Applying for disability.
Applying for disability can be one of the more tricky benefits assessment processes in America. Though it’s sad to think about, many people try to cheat the disability system and apply for financial breaks when they either have no physical disability at all, or have minor physical alterations that do not affect their day-to-day routines. These kinds of loopholes have made disability assessment a little more rigorous and lengthy in America today, but rest assured, if you are indeed someone with a significant physical disability preventing you from holding any job, you will be met with a disabled benefit that allows you to sustain a comfortable standard of living.
The Social Security and Supplemental Security Income Disability programs are the largest of several Federal programs that provide assistance to people with disabilities. Although these two programs do differ greatly, the Social Security Administration administers both and only individuals who have a disability and meet medical criteria may quality for benefits under both programs.
The Social Security Disability Insurance pays benefits to applicants and a certain number of family members if the applicant is “insured,” meaning that they worked long enough and paid Social Security taxes. The Supplemental Security Income pays benefits based on financial needs.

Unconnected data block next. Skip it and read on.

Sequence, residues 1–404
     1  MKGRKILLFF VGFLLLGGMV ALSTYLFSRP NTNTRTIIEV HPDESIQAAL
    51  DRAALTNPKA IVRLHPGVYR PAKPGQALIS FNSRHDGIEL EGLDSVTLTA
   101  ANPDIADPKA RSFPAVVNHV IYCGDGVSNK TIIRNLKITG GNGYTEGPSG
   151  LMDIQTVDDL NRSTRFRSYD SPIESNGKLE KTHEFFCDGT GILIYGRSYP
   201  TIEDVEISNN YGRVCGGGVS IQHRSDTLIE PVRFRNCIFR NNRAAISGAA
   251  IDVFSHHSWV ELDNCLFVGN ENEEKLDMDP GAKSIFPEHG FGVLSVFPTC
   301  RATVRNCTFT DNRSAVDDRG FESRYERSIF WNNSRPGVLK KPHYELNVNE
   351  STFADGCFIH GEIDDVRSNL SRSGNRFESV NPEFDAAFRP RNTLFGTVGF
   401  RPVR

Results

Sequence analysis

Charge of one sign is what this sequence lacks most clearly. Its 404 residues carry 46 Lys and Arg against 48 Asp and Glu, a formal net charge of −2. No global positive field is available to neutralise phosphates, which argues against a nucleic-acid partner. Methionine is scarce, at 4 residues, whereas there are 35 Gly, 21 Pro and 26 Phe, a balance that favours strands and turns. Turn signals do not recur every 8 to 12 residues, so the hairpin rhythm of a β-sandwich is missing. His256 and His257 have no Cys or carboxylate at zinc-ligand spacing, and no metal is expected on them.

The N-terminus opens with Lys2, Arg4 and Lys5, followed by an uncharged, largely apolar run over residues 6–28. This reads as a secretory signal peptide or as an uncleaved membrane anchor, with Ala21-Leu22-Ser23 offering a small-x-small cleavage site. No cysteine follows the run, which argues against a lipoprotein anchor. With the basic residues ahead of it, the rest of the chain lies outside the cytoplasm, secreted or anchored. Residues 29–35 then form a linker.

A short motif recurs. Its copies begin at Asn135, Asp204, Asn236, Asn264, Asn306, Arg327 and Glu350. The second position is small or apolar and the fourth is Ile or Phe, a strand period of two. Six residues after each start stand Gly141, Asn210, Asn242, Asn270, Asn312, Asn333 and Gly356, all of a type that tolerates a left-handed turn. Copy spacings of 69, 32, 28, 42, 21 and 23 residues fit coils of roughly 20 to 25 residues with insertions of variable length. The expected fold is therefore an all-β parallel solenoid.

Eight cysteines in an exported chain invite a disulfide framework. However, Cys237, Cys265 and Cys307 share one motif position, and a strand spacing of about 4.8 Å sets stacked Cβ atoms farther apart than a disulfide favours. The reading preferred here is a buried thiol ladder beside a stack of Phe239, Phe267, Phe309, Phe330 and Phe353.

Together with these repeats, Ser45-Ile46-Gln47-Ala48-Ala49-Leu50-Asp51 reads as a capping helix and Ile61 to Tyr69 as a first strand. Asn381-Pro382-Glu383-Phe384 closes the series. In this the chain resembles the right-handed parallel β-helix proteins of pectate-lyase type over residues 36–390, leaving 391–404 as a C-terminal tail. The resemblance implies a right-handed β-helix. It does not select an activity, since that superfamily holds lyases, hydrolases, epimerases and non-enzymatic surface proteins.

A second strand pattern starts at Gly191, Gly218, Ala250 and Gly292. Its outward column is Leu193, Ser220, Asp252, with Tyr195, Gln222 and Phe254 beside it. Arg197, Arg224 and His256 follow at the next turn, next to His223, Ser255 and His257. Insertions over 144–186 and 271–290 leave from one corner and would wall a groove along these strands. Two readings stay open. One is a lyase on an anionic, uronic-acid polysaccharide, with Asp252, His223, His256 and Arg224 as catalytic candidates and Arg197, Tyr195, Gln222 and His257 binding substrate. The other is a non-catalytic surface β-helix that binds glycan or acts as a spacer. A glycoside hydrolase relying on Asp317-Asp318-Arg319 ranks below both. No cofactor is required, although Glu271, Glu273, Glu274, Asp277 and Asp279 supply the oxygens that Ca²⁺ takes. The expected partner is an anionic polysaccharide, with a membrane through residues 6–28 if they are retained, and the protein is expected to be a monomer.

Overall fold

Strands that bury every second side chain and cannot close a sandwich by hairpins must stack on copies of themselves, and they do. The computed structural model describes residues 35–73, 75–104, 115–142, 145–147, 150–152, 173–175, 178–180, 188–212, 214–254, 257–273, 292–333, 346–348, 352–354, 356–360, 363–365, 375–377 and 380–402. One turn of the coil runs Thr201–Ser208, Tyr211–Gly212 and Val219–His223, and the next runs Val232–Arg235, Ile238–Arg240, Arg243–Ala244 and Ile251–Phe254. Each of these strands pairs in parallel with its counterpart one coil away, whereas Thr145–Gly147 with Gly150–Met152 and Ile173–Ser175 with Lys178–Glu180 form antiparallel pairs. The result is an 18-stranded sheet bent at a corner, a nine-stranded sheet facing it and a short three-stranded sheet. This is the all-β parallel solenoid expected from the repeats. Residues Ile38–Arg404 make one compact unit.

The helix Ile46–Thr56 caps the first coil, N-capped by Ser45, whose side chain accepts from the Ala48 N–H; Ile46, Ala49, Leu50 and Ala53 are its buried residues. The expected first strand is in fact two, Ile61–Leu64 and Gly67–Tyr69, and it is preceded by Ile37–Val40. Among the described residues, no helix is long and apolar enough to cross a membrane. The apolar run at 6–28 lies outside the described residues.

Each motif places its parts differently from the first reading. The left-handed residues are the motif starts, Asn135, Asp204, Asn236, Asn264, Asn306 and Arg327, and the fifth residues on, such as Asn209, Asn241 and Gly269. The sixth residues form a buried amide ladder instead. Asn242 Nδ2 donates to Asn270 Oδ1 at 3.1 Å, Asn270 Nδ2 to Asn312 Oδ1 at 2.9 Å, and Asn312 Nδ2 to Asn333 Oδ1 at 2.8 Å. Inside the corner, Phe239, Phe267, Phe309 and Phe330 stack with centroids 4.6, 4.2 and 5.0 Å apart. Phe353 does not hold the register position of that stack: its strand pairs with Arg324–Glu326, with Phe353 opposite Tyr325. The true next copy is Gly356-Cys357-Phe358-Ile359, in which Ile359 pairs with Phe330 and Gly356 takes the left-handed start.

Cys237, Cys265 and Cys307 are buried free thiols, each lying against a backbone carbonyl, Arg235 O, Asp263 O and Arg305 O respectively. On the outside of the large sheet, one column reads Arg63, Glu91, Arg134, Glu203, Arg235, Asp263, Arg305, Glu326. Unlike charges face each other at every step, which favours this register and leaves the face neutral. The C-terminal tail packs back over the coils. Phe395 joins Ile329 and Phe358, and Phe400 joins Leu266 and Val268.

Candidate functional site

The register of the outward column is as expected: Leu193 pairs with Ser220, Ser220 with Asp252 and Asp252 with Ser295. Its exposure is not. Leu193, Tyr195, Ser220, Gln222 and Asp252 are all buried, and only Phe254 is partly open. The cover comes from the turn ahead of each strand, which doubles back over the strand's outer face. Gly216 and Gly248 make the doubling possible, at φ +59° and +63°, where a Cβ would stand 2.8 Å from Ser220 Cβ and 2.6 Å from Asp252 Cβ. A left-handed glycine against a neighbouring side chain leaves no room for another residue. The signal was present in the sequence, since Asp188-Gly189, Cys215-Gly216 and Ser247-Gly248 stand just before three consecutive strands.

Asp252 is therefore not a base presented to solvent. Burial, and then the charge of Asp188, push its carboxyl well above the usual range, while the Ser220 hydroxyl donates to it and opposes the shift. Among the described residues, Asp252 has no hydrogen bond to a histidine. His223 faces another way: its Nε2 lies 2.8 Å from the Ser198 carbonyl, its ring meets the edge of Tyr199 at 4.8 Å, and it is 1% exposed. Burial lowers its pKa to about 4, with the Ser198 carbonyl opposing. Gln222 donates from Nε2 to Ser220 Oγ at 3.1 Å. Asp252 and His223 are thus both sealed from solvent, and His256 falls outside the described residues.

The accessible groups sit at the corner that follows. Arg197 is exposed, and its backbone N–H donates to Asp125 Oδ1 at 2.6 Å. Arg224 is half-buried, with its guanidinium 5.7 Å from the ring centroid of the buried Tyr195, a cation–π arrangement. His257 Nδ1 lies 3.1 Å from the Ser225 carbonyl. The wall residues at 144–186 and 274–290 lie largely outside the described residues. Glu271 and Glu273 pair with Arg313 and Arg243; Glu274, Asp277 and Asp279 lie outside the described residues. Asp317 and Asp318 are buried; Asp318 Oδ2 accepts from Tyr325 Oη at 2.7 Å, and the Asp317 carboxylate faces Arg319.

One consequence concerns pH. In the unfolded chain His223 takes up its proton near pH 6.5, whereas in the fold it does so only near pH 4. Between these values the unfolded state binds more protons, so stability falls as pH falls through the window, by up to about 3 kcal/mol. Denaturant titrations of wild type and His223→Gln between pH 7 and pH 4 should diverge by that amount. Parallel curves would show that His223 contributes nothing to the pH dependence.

When applicants apply for either program, the Administration collects medical and other information from the applicant to make an informed decision on whether or not they are truly disabled (they have their own Social Security definition of disability).
If applicants wish to be more certain about their disabled status, they can use the Benefits Eligibility Screening Tool to find out which programs may be right for them: Here.
Lastly, if applicant’s applications are denied, the Internet Appeal is a starting point to request a review of the Adminstration’s decision about eligibility for disability benefits: Here.